Tuesday, July 19, 2022
Is the FRC an association of churches? Not in any colloquial sense; rather, it's an advocacy group that, in its words, works to "advance faith, family, and freedom in public policy and the culture from a biblical worldview" (which it does, according to SPLC research, largely by denigrating and attacking the LGBTQ community). It claims to meet 11 of the IRS's 14 criteria for qualifying as a church, though many of those claims seem like a stretch.
And its worth noting at this point that FRC isn't the only organization to claim (and obtain) church status where the claim of being a church is a stretch. It has become an aspiration model for activist organizations. And why?
Probably because the tax law treats churches better than other organizations exempt under section 501(c)(3). Most importantly, perhaps, is that churches and associations of churches don't have to file a Form 990 with the IRS. That means no significant public or IRS scrutiny of their finances. (It also shields their donor base, though public charities--unlike private foundations--don't have to make their donors public. Still, the IRS would have access to a list of donors.)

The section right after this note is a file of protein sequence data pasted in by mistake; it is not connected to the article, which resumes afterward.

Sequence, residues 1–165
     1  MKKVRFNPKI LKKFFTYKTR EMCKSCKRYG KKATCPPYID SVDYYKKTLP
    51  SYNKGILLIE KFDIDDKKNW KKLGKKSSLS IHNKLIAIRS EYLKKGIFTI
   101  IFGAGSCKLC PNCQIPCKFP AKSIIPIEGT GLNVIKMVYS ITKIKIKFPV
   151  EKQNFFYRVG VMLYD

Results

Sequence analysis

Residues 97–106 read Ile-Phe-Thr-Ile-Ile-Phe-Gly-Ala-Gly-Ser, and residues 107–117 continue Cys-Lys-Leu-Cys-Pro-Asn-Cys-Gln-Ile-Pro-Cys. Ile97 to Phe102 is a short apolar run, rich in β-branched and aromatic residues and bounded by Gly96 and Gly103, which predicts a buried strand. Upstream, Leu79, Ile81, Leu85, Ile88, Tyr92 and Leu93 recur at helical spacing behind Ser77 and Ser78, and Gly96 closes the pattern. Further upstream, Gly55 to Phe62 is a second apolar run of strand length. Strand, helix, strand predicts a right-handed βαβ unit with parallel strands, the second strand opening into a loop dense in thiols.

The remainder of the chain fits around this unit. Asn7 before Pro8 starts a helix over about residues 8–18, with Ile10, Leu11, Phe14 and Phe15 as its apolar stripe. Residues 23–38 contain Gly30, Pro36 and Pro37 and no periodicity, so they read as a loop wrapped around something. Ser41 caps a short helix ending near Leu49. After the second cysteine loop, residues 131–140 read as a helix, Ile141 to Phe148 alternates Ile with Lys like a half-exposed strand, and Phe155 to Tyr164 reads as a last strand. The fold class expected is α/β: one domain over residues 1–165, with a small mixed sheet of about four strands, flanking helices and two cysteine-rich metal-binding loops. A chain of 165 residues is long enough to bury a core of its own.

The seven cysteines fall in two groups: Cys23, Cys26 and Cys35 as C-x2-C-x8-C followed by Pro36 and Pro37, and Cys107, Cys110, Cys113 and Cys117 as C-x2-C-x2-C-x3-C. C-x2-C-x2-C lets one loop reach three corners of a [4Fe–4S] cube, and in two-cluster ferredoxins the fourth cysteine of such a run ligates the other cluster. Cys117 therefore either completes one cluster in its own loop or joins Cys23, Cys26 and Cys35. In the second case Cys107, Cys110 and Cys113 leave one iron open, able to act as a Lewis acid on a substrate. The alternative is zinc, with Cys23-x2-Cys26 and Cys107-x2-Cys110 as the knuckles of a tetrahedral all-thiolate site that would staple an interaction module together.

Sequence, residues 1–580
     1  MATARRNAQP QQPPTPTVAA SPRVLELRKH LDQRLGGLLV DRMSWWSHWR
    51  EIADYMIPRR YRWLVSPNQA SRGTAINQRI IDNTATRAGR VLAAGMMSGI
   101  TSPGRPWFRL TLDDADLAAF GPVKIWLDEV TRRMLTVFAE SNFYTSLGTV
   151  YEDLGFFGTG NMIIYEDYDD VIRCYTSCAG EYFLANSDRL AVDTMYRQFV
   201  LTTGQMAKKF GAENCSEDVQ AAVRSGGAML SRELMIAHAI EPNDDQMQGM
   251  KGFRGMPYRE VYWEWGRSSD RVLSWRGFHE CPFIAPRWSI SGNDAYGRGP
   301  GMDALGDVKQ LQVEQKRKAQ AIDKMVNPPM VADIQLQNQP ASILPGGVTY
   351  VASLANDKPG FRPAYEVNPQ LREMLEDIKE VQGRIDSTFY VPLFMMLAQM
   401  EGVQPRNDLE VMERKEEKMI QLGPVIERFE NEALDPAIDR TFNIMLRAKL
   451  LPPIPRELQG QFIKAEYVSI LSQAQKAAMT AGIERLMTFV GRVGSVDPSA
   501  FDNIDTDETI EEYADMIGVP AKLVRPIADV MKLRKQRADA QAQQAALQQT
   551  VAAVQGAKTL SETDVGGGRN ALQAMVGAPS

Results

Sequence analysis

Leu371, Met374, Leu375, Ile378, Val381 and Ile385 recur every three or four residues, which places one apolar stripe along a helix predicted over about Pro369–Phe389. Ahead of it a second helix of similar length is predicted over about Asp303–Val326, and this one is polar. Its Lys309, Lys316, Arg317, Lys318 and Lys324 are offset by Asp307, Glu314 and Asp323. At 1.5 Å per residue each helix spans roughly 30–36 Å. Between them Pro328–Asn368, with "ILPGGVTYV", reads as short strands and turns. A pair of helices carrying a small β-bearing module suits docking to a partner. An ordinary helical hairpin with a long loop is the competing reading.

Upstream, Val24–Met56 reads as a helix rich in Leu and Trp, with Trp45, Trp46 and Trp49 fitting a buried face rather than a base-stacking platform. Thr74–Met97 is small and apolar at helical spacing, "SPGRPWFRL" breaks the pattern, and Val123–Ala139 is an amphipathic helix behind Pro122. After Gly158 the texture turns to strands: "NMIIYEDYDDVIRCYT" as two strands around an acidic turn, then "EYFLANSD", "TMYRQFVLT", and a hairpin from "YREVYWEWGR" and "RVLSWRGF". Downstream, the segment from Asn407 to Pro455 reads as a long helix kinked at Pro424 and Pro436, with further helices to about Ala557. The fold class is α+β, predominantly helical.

Secondarily, the Code provides significant impediments to the IRS auditing churches (though with a tax-exempt audit rate of 0.13%, and with 20% of tax-exempt returns selected for examination closed without an exam, this is probably a less-compelling reason).
As both a religious person and a tax person, I find political organizations classifying themselves as church distasteful. And frankly, I imagine non-church tax-exempt organizations don't love it. They either have to alter their behavior so they meet enough of the criteria or they have to lie on their application, neither of which allows them to fully do the things they want to do.
So what can be done? I'm skeptical that the IRS can do significantly better at gatekeeping. Not only is it underfunded, but for constitutional and First Amendment reasons, it makes sense for government agencies to tread lightly where an organization claims to be a church. This seems like a perfect place, though, for Congress to step in. There's no compelling reason, beyond successful lobbying, for churches to be treated differently from other tax-exempt organizations for tax purposes.
Samuel D. Brunson